Dimethyl terephthalate (DMT) is an organic compound from the dicarboxylic acid ester substance class, which is of great importance to the chemical industry as a starting material for the production of polymer plastics. On an industrial scale, the substance is mainly obtained from xylene isomers in a multi-stage process of oxidation and esterification. Alternatively, dimethyl terephthalate is also produced by the direct esterification of terephthalic acid with methanol. The compound occurs naturally in some plants and fungal cultures.
In the plastics industry, the compound is used as a base material for the production of various plastic polyesters such as polyethylene terephthalate (PET), polybutylene terephthalate (PBT) or polytrimethylene terephthalate (PTT). Dimethyl terephthalate is also an important raw material for industrially manufactured polyester resins, which are used in the manufacture of paints, films and adhesives. In addition, the substance is an intermediate product for organic syntheses in the chemical industry, which can be converted into 1,4-cyclohexanedimethanol by hydrogenation, among other things.
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CAS no. 120-61-6
EINECS no. 204-411-8
Molecular formula: C10H10O4
Synonyms: DMT, dimethyl terephthalate, dimethyl p-phthalate, dimethyl 1,4-benzenedicarboxylate, dimethyl benzene-1,4-dicarboxylate
Areas of application: Starting material for chemical syntheses and for the production of polymer plastics
A diester of terephthalic acid, dimethyl terephthalate (DMT) is an aromatic compound with a six-carbon cyclic structure at its core. Due to this unsaturated phenyl ring, the substance is suitable for addition reactions and can, among other things, be easily hydrogenated. The two ester groups of the compound, which replace the carboxyl groups of terephthalic acid and are each connected to a methyl radical, are located on two opposite carbon atoms of the ring structure. By transesterifying these functional groups, dimethyl terephthalate can be converted into other esters and become the starting material for polyester formation.
Under normal conditions, dimethyl terephthalate (DMT) is a colorless solid with no appreciable intrinsic odor present in the form of crystalline flakes or flakes. The compound has a high thermal resistance and only melts when heated to 141 °C. Liquid dimethyl terephthalate converts to the gaseous state at temperatures above 288 °C.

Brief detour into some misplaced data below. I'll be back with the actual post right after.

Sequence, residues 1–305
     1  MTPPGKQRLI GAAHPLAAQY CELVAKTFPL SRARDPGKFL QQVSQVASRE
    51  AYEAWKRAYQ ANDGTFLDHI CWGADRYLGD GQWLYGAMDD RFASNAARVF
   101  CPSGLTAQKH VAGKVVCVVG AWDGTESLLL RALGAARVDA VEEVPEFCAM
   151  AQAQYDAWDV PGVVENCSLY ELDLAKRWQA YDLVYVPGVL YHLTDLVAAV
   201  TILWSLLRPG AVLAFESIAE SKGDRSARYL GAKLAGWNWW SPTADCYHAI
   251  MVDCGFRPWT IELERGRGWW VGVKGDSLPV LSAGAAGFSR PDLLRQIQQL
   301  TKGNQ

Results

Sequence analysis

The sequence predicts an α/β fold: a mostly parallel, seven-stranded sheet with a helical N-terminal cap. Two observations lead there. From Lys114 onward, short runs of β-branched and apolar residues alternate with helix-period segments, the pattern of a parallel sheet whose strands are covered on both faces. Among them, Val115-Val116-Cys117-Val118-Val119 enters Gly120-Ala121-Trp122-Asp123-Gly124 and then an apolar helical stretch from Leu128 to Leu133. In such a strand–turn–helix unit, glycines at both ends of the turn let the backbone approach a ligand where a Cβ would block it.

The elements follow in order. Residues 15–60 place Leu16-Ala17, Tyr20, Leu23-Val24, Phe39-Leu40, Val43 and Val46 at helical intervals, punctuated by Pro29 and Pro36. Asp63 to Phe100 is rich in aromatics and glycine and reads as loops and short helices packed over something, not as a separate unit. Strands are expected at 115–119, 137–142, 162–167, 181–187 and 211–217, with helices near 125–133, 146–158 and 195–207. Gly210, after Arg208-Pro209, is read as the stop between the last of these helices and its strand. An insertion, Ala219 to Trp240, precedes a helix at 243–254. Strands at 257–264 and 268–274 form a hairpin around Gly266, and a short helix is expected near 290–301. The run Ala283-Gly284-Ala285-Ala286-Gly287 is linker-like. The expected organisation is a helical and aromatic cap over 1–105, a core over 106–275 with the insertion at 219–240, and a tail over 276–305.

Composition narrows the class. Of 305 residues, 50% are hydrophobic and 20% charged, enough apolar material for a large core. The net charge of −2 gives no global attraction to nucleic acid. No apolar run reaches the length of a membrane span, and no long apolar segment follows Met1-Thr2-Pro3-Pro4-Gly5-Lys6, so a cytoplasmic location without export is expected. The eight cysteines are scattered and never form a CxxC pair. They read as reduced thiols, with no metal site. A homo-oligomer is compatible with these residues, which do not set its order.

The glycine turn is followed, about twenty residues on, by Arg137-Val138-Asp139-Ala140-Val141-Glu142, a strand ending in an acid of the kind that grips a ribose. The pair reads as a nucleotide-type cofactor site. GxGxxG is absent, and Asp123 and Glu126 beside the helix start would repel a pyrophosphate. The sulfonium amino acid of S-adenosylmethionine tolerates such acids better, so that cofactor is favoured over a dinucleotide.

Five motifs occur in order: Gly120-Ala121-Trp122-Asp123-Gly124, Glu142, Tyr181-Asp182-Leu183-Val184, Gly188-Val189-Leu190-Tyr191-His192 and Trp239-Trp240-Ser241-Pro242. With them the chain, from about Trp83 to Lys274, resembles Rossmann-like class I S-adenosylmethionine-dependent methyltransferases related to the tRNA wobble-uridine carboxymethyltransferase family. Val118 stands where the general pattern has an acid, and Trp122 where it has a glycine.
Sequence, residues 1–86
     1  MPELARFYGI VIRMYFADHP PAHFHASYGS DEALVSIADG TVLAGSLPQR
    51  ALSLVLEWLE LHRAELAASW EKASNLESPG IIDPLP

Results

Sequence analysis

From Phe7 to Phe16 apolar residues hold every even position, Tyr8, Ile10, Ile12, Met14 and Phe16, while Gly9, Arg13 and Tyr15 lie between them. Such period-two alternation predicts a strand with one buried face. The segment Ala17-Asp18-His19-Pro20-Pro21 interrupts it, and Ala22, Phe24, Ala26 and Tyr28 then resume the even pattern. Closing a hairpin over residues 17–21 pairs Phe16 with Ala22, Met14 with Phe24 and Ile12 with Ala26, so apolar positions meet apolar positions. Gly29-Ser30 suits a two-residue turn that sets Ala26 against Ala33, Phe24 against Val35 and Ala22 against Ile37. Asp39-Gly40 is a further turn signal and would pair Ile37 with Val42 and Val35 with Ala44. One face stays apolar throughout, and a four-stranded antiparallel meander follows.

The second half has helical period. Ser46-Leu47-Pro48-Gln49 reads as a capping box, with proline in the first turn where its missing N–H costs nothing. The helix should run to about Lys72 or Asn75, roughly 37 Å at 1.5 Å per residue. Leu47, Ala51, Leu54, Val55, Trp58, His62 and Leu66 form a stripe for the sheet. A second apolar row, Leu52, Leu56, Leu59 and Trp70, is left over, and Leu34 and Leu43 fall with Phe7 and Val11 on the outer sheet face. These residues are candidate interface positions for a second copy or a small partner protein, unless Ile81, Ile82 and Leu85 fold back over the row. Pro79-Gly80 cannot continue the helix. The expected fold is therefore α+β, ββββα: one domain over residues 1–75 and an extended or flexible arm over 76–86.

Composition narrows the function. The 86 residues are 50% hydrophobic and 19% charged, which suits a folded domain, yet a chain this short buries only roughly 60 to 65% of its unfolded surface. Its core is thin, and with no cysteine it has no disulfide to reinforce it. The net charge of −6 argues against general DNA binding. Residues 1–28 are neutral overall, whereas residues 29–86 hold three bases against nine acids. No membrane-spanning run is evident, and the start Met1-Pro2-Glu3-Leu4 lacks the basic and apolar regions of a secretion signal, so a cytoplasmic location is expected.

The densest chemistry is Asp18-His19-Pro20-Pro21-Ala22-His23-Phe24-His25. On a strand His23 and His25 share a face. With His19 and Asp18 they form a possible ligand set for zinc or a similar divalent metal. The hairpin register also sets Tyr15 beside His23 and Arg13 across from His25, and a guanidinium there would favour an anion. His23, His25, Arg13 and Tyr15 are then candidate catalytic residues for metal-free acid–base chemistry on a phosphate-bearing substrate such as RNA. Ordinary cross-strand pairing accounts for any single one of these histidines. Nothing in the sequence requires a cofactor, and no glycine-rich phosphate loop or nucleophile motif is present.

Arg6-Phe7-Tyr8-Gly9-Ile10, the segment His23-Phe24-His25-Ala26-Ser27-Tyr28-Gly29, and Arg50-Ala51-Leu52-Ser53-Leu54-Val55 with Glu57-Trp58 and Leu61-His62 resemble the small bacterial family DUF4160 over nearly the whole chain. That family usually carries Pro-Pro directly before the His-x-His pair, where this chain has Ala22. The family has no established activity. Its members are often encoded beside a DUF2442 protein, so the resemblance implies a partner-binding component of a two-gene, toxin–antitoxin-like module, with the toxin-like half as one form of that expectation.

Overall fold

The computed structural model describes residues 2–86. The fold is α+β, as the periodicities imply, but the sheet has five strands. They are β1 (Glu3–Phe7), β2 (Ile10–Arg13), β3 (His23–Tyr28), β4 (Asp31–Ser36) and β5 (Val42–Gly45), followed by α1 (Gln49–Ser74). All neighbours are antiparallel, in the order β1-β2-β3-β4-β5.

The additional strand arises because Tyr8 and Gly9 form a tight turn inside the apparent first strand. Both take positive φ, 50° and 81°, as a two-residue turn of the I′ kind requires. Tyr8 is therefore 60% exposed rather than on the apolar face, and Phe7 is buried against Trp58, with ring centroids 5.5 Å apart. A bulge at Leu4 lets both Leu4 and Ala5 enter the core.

The substance is practically insoluble in water and some organic solvents such as methanol and ethanol at room temperature. On the other hand, dimethyl terephthalate is easily soluble in diethyl ether, dioxane and chloroform. Due to its high density, dimethyl terephthalate will settle to the bottom of the vessel in water, both in solid form and as a hot liquid.
Dimethyl terephthalate (DMT) is a chemically stable solid that does not change its consistency even with large temperature fluctuations. However, the substance can react with strong acids, strong oxidizing agents, bases and nitrates in a dangerous manner and with high temperature generation.
The compound is difficult to ignite, but is combustible. When handling open containers of the solid, it should be noted that the fine dust from dimethyl terephthalate can be whirled up to form explosive dust-air mixtures. When processing the compound, a sufficient distance to possible sources of ignition such as open flames, strongly heated surfaces, mechanically generated sparks and electrostatically charged devices must therefore be ensured. Combustion of the substance leads to the formation of irritant and harmful gases. Among other things, large amounts of carbon dioxide and carbon monoxide can be produced.
According to the GHS classification, dimethyl terephthalate (DMT) is not classified as a hazardous substance, but it does have slightly irritating properties. If the compound comes into contact with the eye, redness and conjunctivitis may occur, partly due to the mechanical action of the solid under the eyelids. The eye should be immediately rinsed under running water and then examined by an ophthalmologist. No acute skin irritations are to be expected after exposure, but allergic reactions are possible. If symptoms occur, medical treatment should also be arranged. Contaminated parts of the body can be cleaned of residues of the substance with soap and water.
Inhaling dust from the solid or vapors and aerosols from the heated liquid can cause irritation of the respiratory tract, coughing, difficulty breathing and bronchitis. If the substance is swallowed, gastrointestinal symptoms such as abdominal pain, nausea, vomiting and diarrhea can occur in addition to irritation of the mucous membranes. Orally ingested dimethyl terephthalate should be spat out if possible. Drink water afterwards to reduce possible symptoms. The absorption of the compound into the metabolism can lead to metabolic disorders and the formation of concretion and inflammation in the urinary tract. Therefore, if poisoning with dimethyl terephthalate is suspected, seek medical attention.
The compound can damage aquatic organisms and is considered to be slightly hazardous to water. Dimethyl terephthalate should therefore not get into the ground, water bodies or wastewater. The escape of larger quantities of the substance into the environment must be reported to the local authorities. The compound is not subject to any special transport regulations.